Bioethicists typically pay little attention to how social and physical environments in health care facilities shape moral experience. Social scientists studying hospitals and long-term care facilities often characterize such facilities as bleak, alienating institutions. Too often, the ethics of place is over-looked as ethicists focus upon dramatic moral issues. Drawing upon my experience working as a clinical ethicist at Baycrest Centre for Geriatric Care, I suggest how long-term geriatric care facilities can be designed to promote respect for privacy, foster a warm social environment, and help preserve the dignity of residents, family members and staff members.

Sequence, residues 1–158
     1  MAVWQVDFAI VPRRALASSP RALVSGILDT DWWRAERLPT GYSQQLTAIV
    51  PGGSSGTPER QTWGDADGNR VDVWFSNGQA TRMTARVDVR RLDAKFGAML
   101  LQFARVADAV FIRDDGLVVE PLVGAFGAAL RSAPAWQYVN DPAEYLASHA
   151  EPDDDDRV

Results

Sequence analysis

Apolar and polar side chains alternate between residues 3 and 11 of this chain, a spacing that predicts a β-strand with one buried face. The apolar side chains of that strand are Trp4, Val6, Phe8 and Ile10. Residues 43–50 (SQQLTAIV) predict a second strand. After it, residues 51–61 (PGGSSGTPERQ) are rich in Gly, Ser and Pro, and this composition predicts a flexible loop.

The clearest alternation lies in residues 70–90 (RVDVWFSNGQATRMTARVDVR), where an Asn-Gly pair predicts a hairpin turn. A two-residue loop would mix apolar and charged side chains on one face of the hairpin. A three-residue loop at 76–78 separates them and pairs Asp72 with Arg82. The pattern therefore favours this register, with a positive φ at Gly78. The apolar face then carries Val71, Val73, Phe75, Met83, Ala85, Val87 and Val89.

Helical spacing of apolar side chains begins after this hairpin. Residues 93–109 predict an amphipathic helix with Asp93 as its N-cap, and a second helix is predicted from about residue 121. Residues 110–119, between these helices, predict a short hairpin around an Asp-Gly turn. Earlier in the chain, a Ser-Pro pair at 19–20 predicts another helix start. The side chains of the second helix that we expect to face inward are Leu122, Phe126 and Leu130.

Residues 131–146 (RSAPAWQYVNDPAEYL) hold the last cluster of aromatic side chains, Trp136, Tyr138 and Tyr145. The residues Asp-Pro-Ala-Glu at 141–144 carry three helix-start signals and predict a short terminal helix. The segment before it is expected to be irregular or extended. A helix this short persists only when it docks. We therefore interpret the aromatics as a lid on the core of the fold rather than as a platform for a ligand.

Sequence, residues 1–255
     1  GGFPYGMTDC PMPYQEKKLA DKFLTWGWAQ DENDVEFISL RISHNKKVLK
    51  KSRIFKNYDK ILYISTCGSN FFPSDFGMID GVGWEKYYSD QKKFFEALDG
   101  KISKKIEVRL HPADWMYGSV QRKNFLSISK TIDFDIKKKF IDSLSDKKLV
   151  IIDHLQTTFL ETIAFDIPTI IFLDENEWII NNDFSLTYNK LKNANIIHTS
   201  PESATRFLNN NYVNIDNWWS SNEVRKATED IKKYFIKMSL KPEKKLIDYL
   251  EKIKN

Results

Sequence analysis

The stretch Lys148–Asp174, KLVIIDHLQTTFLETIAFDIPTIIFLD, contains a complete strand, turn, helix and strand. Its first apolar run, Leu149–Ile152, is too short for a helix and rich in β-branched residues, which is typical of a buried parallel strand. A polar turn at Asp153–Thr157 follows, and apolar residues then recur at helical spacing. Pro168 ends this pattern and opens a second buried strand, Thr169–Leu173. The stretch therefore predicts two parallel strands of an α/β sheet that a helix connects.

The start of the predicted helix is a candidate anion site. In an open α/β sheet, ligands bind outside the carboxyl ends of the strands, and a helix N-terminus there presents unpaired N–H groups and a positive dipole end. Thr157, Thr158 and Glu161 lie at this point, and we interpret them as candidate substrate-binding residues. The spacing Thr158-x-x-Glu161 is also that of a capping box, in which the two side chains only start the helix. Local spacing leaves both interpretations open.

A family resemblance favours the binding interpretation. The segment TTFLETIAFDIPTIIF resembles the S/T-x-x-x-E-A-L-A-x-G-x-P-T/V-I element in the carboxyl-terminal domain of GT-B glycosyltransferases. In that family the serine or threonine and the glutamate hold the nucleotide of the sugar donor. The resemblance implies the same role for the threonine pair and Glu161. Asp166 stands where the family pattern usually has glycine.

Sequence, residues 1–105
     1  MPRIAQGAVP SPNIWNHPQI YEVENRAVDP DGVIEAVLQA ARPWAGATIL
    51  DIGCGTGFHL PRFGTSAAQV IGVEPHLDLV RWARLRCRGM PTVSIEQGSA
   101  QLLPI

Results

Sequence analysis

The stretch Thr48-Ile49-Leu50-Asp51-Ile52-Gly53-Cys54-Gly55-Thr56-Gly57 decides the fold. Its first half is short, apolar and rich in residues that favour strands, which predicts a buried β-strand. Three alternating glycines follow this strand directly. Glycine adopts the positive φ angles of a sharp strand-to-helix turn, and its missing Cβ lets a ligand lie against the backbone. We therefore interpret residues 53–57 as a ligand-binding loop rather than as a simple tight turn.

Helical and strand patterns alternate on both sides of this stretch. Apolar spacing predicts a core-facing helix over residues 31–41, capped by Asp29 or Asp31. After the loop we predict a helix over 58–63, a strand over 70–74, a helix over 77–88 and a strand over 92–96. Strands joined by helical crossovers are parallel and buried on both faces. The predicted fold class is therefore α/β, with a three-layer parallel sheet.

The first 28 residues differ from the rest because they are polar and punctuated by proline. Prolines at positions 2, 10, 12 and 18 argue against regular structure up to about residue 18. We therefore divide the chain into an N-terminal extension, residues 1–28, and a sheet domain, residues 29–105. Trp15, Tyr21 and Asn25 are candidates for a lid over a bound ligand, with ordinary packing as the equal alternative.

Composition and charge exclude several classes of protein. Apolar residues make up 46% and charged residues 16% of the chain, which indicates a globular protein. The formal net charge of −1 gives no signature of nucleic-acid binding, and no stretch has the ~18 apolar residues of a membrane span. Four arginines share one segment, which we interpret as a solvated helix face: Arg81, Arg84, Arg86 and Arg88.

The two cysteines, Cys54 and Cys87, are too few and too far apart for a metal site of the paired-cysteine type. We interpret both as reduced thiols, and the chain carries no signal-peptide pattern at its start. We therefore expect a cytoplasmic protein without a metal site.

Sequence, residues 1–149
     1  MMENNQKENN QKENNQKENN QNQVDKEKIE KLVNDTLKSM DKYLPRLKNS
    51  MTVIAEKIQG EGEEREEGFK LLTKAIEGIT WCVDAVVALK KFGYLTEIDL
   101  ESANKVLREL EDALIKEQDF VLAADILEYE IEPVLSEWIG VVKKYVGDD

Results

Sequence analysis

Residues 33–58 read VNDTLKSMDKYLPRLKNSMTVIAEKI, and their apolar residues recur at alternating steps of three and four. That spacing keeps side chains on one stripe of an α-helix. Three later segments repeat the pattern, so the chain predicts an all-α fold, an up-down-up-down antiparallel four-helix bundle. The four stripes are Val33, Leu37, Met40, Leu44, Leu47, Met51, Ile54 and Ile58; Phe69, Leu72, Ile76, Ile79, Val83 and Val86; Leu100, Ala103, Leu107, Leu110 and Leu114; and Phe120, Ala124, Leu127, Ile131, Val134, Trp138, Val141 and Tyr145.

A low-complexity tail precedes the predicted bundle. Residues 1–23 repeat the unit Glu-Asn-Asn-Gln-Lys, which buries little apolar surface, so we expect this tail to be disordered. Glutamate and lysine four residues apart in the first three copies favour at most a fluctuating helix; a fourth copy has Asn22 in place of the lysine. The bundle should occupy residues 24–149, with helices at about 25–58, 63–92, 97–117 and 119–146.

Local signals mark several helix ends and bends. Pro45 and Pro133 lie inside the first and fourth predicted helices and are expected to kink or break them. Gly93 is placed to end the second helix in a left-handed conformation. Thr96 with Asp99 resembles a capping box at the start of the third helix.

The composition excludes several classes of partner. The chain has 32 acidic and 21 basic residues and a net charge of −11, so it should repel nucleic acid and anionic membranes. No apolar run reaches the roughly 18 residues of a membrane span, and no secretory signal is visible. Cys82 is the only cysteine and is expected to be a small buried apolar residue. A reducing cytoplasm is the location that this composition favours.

|Original language||English (US)|
|Number of pages||3|
|Journal||Geriatrics and Aging|
|State||Published - Mar 1 2004|
- Geriatric care
- Hospital design
- Long-term care